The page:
Petite, rosy-cheeked and quick to break into a smile, Dominique Larose looks every bit a regular 15-year-old. As she starts across the floor in grand allégro, however, the shy droop of her head suddenly unfolds to a regal length. Larose’s upper body lifts and her back arches into pliant arabesques. Her flexible extensions only enhance the impression of gazelle-like grace. A student at Ayako School of Ballet in Belmont, California, Larose seems to shed any adolescent coltishness with her poise and calmly focused concentration.
That focus was an asset last January, when Larose was one of the youngest dancers to compete in Switzerland’s prestigious Prix de Lausanne. After performing a variation from La Bayadère and a solo from Christopher Wheeldon’s Polyphonia, Larose was offered a three-year scholarship to the Zurich University of the Arts—an opportunity she plans to pursue.
Larose liked that Lausanne lacked the pressure-cooker atmosphere of other competitions. “I felt like we didn’t have to be competitive with each other,” Larose says, noting that she stays in touch with friends she made. “It was like everyone had the opportunity to be a winner.”
Larose wasn’t all that serious about dance when she started studying at the Ayako School nine years ago, only taking one class a week. But everything changed one summer when director Ayako Takahashi asked Larose to replace another dancer at a competition in Las Vegas. “She practiced and practiced all by herself. She had so much motivation,” Takahashi recalls. “After the competition, it was like she was suddenly inspired.”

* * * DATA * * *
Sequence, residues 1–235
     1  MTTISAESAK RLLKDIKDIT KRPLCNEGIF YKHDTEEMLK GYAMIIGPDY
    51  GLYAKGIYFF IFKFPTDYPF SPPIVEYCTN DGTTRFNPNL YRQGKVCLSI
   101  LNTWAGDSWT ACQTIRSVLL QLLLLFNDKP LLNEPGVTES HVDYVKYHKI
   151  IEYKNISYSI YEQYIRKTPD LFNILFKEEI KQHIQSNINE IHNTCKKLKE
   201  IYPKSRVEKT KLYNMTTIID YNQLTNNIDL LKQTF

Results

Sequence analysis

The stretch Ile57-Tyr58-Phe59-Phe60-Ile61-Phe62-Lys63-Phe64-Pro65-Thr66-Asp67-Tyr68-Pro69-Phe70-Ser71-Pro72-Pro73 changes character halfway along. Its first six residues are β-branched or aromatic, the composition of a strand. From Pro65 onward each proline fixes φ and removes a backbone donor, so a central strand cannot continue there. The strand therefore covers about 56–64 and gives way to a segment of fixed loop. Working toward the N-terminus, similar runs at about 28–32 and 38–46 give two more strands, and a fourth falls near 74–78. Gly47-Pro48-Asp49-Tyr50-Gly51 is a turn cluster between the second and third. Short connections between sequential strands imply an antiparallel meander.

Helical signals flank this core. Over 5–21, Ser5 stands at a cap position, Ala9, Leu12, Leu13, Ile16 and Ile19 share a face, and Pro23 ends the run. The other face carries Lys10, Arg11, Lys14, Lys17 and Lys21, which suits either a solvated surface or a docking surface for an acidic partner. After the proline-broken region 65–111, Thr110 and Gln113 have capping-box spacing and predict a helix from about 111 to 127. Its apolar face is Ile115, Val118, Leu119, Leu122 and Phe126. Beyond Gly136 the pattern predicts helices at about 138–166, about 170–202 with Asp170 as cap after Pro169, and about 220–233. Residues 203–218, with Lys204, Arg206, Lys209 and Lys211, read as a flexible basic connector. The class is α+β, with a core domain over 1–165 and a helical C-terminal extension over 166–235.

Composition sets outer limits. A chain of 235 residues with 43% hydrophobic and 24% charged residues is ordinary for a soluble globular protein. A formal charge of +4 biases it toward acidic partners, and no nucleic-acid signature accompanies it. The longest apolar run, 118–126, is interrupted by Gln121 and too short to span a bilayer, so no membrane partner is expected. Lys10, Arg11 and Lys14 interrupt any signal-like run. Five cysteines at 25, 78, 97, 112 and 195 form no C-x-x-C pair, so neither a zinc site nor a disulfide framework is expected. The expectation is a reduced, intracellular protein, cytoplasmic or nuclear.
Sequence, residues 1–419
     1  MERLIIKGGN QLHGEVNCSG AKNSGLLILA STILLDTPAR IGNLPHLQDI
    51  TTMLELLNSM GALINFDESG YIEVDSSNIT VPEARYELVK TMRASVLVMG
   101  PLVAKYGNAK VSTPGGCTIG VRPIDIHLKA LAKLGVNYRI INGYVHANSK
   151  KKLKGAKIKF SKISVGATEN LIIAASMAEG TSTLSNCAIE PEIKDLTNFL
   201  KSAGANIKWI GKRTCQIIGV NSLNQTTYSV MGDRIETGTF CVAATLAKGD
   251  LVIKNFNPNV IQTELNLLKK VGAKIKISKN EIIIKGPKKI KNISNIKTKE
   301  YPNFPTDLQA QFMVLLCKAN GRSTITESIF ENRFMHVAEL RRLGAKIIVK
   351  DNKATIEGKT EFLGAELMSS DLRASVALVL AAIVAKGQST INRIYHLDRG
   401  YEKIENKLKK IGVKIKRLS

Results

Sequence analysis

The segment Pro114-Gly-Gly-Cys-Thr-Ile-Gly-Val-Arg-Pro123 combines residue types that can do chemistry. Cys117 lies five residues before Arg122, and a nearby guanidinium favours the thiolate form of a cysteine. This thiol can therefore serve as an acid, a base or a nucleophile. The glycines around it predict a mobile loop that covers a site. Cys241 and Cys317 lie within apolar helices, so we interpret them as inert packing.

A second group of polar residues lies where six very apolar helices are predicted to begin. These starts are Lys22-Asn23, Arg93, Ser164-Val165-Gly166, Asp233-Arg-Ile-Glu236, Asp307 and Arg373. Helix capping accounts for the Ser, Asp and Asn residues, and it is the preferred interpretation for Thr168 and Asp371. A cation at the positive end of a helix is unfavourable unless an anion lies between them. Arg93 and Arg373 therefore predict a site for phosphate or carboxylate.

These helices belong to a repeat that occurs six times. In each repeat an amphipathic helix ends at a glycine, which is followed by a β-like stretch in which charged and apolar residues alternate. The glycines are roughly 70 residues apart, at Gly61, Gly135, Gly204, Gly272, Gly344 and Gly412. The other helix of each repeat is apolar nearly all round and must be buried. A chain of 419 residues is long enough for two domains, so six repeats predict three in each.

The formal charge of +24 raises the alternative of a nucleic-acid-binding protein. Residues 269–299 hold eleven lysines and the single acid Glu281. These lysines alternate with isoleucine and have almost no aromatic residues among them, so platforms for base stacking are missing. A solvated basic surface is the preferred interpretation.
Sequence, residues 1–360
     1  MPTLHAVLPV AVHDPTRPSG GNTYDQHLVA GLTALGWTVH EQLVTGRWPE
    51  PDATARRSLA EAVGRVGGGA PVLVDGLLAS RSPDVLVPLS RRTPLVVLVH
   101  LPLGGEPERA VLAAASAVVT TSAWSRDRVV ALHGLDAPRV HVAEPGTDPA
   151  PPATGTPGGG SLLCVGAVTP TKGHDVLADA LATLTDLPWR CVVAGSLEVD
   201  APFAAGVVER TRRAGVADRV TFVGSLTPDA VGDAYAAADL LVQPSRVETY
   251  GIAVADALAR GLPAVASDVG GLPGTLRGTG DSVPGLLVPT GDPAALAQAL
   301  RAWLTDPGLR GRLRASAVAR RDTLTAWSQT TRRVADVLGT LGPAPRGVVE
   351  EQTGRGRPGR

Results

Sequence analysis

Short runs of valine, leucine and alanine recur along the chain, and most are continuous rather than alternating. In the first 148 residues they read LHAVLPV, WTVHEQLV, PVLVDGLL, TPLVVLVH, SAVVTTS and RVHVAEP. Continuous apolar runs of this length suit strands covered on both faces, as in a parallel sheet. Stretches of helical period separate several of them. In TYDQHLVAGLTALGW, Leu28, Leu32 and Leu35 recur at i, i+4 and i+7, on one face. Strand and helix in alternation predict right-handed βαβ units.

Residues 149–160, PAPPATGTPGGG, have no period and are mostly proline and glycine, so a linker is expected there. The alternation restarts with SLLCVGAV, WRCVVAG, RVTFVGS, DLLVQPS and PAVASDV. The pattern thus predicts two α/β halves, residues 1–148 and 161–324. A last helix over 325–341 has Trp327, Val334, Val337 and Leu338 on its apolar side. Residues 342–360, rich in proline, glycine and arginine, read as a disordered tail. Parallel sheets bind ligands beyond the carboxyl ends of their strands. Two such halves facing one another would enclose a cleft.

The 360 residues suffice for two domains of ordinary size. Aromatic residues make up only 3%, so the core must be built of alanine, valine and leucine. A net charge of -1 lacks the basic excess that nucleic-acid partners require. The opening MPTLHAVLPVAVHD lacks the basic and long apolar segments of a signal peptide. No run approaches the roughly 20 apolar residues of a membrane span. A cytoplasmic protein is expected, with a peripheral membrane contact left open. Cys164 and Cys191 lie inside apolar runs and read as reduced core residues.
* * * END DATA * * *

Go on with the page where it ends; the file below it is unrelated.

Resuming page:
Now, a typical day finds Larose leaving the house by 7:15 am for high school, where she immerses herself in math, science and French until 3 pm. Then it’s off to the studio for ballet, modern and pointe classes, plus rehearsals if the competition ensemble has an upcoming performance.
Located in a business park just off the freeway, Ayako is modestly scaled. Dance trophies jumbled on sagging shelves line the walls of the slightly industrial-feeling studios. Young students aren’t pressured into a heavy schedule, but Takahashi and her staff willingly put in extra hours to coach the most serious dancers, like Larose, for major events. Students can also audition for the competition ensemble, which gives them opportunities to work with professionals like Oakland Ballet choreographer and interim director Michael Lowe, who teaches at the school.
“Dominique can do a lot of things already,” observes Lowe. “She has such a wonderful lyrical, legato quality and phenomenal feet and extensions, but she’s still finding things out for herself. I think she’s not even aware yet of the extent of her facility or her potential.”
Check out a great video of Dominique performing here!
At A Glance:
Ayako School of Ballet
Director: Ayako Takahashi, former principal with Tokyo City Ballet Company and Matsuyama Ballet Company
Technique Taught: Vaganova
Classes Offered: Ballet technique, pointe, variations, modern, jazz, character. There is also a competition team and Takahashi directs the associated Peninsula Youth Ballet.
Number of Students: 250
Alumni: American Ballet Theatre, Ballet San Jose, Oakland Ballet, and ODC/Dance, among others
Focus: With a foundation rooted in Vaganova, Takahashi’s school focuses on correct technique and emotional as well as physical development. Takahashi believes in challenging dancers, but also emphasizes the health and well-being of her students.